Is plastic packaging the ‘silent hero’ to the global food waste problem?

By: 
March 13, 2013


It's estimated that one in seven people go to bed hungry each night. But as many companies and individuals work to fight hunger, there's also another issue at hand: food waste.

According to a new report by the Institution of Mechanical Engineers, up to 50%, or two billion tonnes of food, produced around the world each year ends up as waste.

The report said this amount of wastage is due to issues as varied as inadequate infrastructure and storage facilities to overly strict sell-by dates, buy-one-get-one free offers and consumers demanding cosmetically perfect food.

In a time of high food prices and devastating droughts, Dana Gunders, project scientist with the food and agricultural program for the Natural Resources Defense Council (NRDC), said food waste should be an urgent concern.

Back in August, the NRDC released a new analysis that said Americans are throwing away 40% of food in the U.S., the equivalent of $165 billion in uneaten food each year.

"It was a shock when I first heard about it," she told PlasticsToday. "To wake up to the fact that 40% of food goes uneaten, it really feels like such a waste and a terrible use of resources."

Gunders said there are tangible ways to tackle the food waste problem, and everyone can play a role.

"I think there could be a real opportunity for packaging to help with the problem involving food waste," she said. "The packaging industry can serve as an inherent part of the solution by offering different packaging sizes, innovative packaging that extends the product's life along with ensuring the recyclability of the packaging."

In part one of this feature, PlasticsToday talked with Dow Chemical, DuPont and Linpac Packaging to learn about their different initiatives in helping to reduce food waste.

A package has to perform

"Imagine a world without packaging, what kind of food waste problem would we have then?" asks Greg Bunker, marketing manager, flexible food and specialty packaging at Dow.

Dow believes that one of the best things about food is its packaging and the company views flexible packaging as part of the solution to help reduce food waste. Dow's packaging group recently joined the Save Food initiative, which is a joint campaign instituted by the Food and Agriculture Organization of the United Nations and Messe Düsseldorf GmbH to fight global food loss.

One of Dow's corporate 2015 sustainability goals is to achieve at least three breakthroughs that will significantly help solve the world's major challenges, including affordable and adequate food supply.

Jeff Wooster, Dow's global sustainability leader for plastics, said that if we can reduce global food waste from 40% to 30% with better packaging and other improvements such as food production and distribution systems, we could potentially save enough food to nourish 1 billion people.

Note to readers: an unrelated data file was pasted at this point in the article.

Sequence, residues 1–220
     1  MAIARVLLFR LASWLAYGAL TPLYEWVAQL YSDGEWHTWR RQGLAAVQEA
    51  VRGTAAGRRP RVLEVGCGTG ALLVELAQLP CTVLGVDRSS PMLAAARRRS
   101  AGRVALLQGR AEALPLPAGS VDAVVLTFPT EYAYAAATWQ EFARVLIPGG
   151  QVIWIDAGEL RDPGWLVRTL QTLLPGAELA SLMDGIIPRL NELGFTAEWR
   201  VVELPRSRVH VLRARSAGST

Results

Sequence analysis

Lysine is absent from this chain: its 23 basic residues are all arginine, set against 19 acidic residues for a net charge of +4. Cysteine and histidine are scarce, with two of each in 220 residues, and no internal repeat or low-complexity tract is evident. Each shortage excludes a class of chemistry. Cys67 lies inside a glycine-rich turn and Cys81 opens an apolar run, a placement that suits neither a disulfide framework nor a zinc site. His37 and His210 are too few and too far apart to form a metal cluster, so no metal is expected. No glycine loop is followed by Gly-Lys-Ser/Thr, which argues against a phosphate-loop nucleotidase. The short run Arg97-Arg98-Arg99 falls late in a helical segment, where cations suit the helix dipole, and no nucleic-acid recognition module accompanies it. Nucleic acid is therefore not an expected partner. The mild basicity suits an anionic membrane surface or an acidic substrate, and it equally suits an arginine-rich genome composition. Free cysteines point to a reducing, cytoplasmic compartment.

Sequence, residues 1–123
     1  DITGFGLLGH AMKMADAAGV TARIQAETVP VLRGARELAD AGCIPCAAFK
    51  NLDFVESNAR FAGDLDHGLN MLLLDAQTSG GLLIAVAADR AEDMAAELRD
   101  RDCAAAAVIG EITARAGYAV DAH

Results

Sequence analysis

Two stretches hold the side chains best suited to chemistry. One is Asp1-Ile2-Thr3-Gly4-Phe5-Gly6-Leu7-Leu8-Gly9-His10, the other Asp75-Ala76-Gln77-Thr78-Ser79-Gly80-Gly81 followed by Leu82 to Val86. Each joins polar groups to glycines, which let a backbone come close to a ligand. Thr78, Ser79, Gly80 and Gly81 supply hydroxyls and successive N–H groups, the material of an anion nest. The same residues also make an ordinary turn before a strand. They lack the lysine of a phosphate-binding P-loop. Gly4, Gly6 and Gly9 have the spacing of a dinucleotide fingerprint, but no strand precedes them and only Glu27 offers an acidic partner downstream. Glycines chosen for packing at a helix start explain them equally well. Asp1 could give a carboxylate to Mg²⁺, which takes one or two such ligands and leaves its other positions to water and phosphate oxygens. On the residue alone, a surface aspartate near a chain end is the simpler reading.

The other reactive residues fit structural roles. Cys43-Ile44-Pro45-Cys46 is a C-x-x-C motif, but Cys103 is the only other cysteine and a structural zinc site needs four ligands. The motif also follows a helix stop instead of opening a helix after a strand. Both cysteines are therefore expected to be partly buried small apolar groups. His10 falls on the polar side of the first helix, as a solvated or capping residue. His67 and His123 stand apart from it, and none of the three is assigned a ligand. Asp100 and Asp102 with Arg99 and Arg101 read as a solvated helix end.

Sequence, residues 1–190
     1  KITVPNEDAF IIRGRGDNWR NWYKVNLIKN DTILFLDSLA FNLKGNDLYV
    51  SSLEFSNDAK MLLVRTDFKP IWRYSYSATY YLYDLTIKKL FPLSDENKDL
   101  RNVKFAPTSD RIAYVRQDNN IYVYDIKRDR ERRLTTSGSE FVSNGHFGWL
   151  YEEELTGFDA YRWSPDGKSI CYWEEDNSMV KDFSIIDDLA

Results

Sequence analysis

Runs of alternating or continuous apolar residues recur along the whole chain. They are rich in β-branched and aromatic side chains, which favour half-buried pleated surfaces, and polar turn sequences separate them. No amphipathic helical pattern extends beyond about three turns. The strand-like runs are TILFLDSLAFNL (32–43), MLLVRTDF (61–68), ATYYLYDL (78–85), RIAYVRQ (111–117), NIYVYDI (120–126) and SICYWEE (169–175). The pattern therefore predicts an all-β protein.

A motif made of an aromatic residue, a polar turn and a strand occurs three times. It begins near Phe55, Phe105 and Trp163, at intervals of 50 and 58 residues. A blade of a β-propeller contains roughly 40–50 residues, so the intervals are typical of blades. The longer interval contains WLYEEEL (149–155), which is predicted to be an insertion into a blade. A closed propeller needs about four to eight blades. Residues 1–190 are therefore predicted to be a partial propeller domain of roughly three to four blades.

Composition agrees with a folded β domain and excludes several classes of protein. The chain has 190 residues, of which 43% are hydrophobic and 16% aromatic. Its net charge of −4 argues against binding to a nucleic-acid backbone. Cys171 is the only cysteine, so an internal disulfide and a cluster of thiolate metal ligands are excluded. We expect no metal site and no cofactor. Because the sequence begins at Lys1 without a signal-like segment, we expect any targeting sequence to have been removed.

"This is clearly a significant task that requires a lot of collaboration and many different solutions, but it demonstrates the potential impact of packaging and value chain collaboration and those are the things that make Greg and me, and our whole team, passionate about what we do every day," he said.

When you consider a package, its primary job is to protect the contents of the food inside, however, not all materials are created equal. Bunker said proper material selection is crucial.

"When one is developing a package you have to make sure it is consistent day in and day out and selecting a material that is cheaper and less reliable can be pretty devastating, such as causing contamination," he said. "You have to ensure the food packaging is properly designed and is of high quality."

Bunker said the company's line of Elite resins provides customers an opportunity to improve packaging efficiency and increase line speeds, while reducing potential leakage, which results in enhanced security and less food waste.

Another product line from Dow is its Affinity polyolefin plastomer that is used in packaged food such as bagged lettuce, which requires a controlled atmosphere that allows the exchange of oxygen and carbon dioxide to maintain freshness.

"Affinity and Elite work to ensure a food package is good and mechanically sound," Bunker said. "We spend a lot of time to make sure we produce materials that are reliable, while also understanding its impact."

Apply science to meet challenges

Yasmin Siddiqi, global development director for DuPont packaging and industrial polymers, said her company has a focus on food security, which it defines as, "when all people at all times have physical, social and economic access to sufficient and nutritious food that meets their dietary need and food preferences for a healthy and active life."